With only about 28 congregants, this house of worship experienced the financial and building deterioration associated with such a small membership. The beautiful church, with enormous stained glass windows, a pipe organ and expansive space, had an uncertain future. Then Pastor Mack Granderson arrived.
At a time when church attendance nationwide has diminished, this congregation of 28 has grown to 90. It holds two Sunday services, one in English and one in Spanish.
When asked how Derry Street turned its future around, Granderson put it like this: “Do the opposite of what churches have done in the last 70 or 80 years.”
For the most part, churches have remained insular, content to meet the needs of those attending, he said.
“Churches found that they finally needed to recognize that their communities have changed, and they needed to open their doors,” he said.
The church has a long history of working with the Allison Hill Community Ministry, which operates out of the church building. But, recently, Derry Street Church has made a mission of the organization, formalizing the relationship and encouraging church member participation in its work. This allows for more collaboration between the ministry and the church in running a clothing closet, two food ministries that feed 1,400 people a month and a tutoring program, among other initiatives.
Benefactors of the Derry Street Church collaboration, Michael Baublitz, his wife and 3-year-old son, moved to the area after experiencing homelessness. He said that, without the church’s food help, he and his family would be “struggling even harder.”
In addition to these programs, the church building serves as a meeting place for Narcotics Anonymous groups, headquarters for an online Christian radio station, The Voice 17104, and a meal preparation area for Meals on Wheels.
Granderson wants to use as much of this building to serve the community as possible.
“I actually feel that we are committing a sin if we have space within our church and it is not being used for the community good,” he said. “All of this does not belong to us. It is a gift from God almighty, and he is expecting us to use it and to use it well.”
Though Derry Street Church has grown in numbers and mission, Granderson doesn’t take credit for the changes there. The credit, he said, goes to the congregation.
“You have never met a congregation like these people,” he said. “This congregation is extraordinary.”
In the spirit of changing with the community, the church recently began hosting English as a Second Language classes. After coordinating with local small businesses and foundations for funding, Derry Street was able to begin offering the classes, coordinated by HACC.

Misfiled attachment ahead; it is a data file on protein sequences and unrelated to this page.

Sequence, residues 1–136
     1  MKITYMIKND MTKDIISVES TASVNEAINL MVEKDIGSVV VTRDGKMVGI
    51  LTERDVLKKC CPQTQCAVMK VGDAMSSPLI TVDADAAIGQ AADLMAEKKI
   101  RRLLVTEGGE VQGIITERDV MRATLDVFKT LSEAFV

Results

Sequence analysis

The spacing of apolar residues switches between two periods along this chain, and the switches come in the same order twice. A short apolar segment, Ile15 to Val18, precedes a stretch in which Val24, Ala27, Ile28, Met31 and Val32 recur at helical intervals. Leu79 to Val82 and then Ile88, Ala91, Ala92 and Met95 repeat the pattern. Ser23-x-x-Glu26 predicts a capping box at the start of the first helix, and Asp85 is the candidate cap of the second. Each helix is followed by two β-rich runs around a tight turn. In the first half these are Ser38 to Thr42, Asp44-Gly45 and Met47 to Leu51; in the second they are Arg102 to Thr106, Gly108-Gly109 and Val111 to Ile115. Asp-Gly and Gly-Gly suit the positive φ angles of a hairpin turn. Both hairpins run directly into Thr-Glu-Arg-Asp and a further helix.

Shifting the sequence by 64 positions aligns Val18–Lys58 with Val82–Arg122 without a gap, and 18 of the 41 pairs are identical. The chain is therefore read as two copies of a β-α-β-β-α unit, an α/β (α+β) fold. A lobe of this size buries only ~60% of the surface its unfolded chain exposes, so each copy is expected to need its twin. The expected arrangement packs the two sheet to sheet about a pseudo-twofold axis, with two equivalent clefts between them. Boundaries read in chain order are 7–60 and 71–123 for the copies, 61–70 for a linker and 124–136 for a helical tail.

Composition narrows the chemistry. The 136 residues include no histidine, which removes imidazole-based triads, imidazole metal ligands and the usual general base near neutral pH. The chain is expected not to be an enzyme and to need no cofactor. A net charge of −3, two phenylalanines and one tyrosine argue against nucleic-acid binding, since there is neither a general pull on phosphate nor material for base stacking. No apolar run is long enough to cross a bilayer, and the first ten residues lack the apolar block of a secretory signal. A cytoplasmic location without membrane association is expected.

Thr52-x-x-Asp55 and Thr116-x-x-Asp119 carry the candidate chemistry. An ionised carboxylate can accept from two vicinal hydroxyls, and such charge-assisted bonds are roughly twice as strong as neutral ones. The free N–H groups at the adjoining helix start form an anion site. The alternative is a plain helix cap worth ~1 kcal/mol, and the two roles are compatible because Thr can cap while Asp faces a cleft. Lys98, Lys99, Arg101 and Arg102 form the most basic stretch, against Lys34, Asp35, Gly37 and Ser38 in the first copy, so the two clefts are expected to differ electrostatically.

The community college donated a semester of classes and Derry Street Church, along with individuals and businesses, provided financial support. Granderson expressed gratitude for the philanthropic community’s investment in the people of Allison Hill.
He feels that classes like this are requisite for a way out of poverty.
“We recognize that a number of people within our community were not bilingual, in terms of Spanish to English, and that could hold them back from employment and therefore quality housing,” he said.
The yearlong program expects to graduate 75 students this year.
To further its community outreach, in April, the church will begin a new multicultural, contemporary and interactive worship service called New Breed.
Within a room that holds 15-foot textured, clear, stained-glass pocket doors, Granderson explains where a screen will go and how the sound system and band will be placed for the new service. This room once served as a sanctuary overflow, at a time when 1,000 folks worshipped on any given Sunday. Granderson doesn’t pine for the old days of overflowing pews, however. He plants his thoughts and plans squarely in moving forward.
To help him do so, he enthusiastically embraces technology, even as a 67-year-old digital immigrant. In March, the church will install devices that will allow it to translate services into many languages. This will open the doors even wider to include French-speaking, African-born community members.
Derry Street is not the church of its past, with brimming pews. Perhaps it’s something even richer. A cathedral of sorts, providing leadership to recognize and meet societal needs. A church can gauge its effectiveness by the asking the question, “Would the church be missed if it disappeared?”
“If, for whatever reason, this church did not exist anymore, there would be a lot of hurt in this community,” Granderson said.
Derry Street United Methodist Church is located at 1508 Derry St., Harrisburg. For more information, call 717-233-6441 or visit the Facebook page.